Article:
Salomon introduces the SHIFT Pro 130 touring boot as a more downhill-oriented option to the popular S/LAB MTN. The SHIFT Pro has four alpine-style buckles and a 50mm cuff strap. The boot is made from a TPU cuff and shell to allow for a progressive flex that is hard to find in lightweight carbon fiber touring boots. This true progressive and aggressive flex comes at the expense of added weight, weighing in at 1700 grams. It's great to see that the boot also comes in a 110 flex option for lighter riders. If you want a single boot that can charge both on and off piste - with no sacrifice in downhill performance - the Salomon SHIFT Pro 130 or 110 will blow your socks off. Salomon looks to be pairing this boot with the SHIFT binding in efforts of providing hard-charging resort skiers a ticket to the backcountry without compromising in downhill ski performance. If you want more info on the boot, check out our in-depth gear review.
A Softer Flex Freetouring Boot from Dynafit
Dyna Hoji Free 110
The Hoji Free debuted last season and caused a ruckus of activity with its expert-level downhill skiability. A simple flick of the innovative Hoji-designed walk/ski mechanism opened the boot up to a huge range of motion and allowed for easy uphill travel. The Hoji Free set the standard for freetouring boots. This year Dynafit introduces the softer flex 110 version for smaller/lighter skiers. The boot uses less material to provide for a lighter weight and lower flex profile. Ski with style and ease both on and off the resort on the Hoji Free 110. Thanks Dynafit for providing a powerful boot to a larger population.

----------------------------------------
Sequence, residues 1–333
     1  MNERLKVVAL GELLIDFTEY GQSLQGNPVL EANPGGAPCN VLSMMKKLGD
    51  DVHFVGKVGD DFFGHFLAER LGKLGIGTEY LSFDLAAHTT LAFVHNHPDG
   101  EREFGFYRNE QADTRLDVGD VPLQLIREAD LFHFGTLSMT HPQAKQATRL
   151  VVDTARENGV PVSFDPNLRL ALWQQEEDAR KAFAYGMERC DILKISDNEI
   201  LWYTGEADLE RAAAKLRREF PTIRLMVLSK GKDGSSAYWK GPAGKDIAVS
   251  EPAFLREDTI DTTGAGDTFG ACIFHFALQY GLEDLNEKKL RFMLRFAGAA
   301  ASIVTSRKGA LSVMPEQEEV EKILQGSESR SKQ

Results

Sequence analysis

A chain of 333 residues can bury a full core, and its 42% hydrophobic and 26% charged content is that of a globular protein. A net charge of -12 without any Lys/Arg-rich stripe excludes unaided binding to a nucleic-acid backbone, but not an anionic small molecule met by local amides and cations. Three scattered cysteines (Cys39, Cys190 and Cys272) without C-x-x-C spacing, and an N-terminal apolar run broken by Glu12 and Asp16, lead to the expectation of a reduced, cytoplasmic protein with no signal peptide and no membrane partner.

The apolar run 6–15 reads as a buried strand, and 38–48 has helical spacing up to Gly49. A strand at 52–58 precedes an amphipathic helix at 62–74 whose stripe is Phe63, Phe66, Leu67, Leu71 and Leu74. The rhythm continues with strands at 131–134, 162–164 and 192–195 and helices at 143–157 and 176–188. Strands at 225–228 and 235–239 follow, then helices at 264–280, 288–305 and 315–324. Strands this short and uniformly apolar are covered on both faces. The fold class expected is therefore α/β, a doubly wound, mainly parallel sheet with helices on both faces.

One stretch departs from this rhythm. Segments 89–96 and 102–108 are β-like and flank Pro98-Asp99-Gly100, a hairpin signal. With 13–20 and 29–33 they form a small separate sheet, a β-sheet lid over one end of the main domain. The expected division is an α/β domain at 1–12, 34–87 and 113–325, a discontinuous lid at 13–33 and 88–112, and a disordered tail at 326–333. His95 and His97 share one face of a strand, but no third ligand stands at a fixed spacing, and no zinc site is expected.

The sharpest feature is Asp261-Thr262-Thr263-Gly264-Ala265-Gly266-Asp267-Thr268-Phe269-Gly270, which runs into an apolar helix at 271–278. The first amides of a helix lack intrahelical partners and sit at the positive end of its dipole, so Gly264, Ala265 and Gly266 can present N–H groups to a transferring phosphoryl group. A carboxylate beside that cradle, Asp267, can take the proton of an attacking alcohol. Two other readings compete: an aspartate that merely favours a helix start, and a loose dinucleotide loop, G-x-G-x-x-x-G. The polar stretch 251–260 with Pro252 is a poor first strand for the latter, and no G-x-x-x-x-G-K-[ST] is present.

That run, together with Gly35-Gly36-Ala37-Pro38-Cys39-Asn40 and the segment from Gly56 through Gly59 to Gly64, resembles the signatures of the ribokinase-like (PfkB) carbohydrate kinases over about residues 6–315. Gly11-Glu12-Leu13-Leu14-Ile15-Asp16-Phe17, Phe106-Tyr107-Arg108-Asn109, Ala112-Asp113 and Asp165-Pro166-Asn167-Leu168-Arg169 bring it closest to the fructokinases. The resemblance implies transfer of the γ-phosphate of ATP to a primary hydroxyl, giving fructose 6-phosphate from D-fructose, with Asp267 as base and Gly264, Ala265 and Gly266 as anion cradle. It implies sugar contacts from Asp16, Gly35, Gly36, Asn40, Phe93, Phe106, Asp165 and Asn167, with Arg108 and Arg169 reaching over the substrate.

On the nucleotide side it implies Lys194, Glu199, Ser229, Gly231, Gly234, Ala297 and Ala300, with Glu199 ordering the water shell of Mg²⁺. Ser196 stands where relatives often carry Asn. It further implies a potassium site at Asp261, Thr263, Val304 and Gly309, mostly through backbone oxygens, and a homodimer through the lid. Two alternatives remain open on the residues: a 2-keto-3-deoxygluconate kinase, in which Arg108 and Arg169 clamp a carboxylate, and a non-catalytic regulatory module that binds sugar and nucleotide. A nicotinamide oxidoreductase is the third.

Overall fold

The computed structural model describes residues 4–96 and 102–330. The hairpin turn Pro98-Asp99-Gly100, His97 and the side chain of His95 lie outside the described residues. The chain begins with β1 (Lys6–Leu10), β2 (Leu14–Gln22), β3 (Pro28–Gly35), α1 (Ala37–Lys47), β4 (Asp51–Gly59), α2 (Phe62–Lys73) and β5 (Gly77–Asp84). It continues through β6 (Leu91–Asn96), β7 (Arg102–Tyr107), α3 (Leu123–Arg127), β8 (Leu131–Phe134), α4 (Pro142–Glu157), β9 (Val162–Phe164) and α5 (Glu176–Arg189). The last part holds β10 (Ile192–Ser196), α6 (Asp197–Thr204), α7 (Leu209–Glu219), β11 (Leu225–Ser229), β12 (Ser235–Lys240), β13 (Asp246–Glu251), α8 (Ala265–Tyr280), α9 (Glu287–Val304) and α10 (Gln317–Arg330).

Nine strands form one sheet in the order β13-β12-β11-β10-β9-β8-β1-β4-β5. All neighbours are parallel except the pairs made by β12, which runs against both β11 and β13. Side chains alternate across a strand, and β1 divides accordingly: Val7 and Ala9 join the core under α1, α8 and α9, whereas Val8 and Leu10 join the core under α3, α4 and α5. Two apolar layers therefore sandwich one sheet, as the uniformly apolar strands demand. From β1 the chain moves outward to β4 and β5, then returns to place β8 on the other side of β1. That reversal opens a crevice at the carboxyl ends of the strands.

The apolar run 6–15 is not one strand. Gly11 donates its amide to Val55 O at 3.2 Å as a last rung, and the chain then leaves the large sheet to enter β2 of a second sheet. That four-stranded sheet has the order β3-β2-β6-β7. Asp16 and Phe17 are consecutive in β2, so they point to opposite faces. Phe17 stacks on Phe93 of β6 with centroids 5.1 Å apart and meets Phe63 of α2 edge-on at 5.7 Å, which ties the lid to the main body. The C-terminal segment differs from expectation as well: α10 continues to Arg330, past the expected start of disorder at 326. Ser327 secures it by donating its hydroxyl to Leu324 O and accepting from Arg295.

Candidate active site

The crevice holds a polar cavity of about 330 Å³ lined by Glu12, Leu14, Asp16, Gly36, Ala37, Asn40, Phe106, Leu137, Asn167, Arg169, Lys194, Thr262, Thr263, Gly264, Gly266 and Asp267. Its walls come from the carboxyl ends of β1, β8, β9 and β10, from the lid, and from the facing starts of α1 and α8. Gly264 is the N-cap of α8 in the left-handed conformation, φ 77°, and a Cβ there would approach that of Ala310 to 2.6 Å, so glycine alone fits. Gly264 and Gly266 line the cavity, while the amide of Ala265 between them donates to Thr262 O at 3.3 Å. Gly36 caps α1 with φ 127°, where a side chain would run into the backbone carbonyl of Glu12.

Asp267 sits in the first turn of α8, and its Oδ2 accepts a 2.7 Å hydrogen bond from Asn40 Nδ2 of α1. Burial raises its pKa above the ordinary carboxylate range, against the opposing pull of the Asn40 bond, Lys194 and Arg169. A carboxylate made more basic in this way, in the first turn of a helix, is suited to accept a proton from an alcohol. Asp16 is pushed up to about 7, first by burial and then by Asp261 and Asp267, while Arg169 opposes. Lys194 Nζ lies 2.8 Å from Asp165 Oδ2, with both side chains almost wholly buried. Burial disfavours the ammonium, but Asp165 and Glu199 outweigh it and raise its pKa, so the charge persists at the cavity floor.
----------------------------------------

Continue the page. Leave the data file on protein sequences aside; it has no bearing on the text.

A Four-Buckled Touring Update from La Sportiva
La Sportiva Vega & Vega W
The Vega and Vega W are an update on the La Sportiva Spectre and Sparkle. The Vega is a four buckle boot with a slew of design features that lend itself to a personalized fit for downhill skiing: micro-adjustment in all four buckles for the fine-tuned feel, adjustable forward lean for your desired style of skiing, and an updated, thicker liner for improved moldability. The Vega can be tweaked and tinkered with in order to get that exact right fit for maximum comfort on both the up and the down. Extra style points for the fully blacked-out color scheme [in the men's version]. Cheers Sportiva for an update in your 'big-boot' category.
Snow Dancing Starts Now. Winter 20/21 Here We Come!
A lot of new offerings this year within the world of free touring: The SHIFT Pro, Hoji 110, Vega and Freeguide Carbon. It's great to see a general focus on this area of backcountry skiing: uphill capable boots with extreme downhill confidence. The Hoji Free 110 is a nice offering of an already phenomenal boot. The Vega will be a four buckled boot for those who want personalization and with a generally wider foot (103 mm last). The Shift Pro will pair nicely with the Salomon Shift binding and QST series of skis for a freeride-style set up for both on and off piste. Scott developed the Freeguide Carbon into wants seems to be a touring boot with some serious firepower for the ski down. But what takes the cake this year for touring innovation for is Scarpa improving on an already neoclassic boot (the Alien RS) by making a 1000 gram speed touring boot more durable and downhill focused. There will be some seriously impressive skiing happening this winter in the F1 LT. I can already sense it. If you want to talk about touring boot innovation, ask 'What's YOUR perfect touring boot,' or just say hello - reach out to us at Cripple Creek Backcountry.